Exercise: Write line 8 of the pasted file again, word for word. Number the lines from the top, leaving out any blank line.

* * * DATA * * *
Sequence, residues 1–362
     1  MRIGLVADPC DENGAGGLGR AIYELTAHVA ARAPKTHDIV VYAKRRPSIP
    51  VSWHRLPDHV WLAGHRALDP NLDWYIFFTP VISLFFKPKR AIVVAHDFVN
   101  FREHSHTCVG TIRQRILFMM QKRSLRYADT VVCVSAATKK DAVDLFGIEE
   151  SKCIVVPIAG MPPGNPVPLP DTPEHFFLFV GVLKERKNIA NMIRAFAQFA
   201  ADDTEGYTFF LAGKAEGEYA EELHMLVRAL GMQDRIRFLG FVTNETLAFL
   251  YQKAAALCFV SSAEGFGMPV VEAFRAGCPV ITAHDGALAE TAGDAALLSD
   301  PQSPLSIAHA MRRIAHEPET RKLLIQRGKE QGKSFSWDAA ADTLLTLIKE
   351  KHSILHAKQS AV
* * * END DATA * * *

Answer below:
   301  PQSPLSIAHA MRRIAHEPET RKLLIQRGKE QGKSFSWDAA ADTLLTLIKE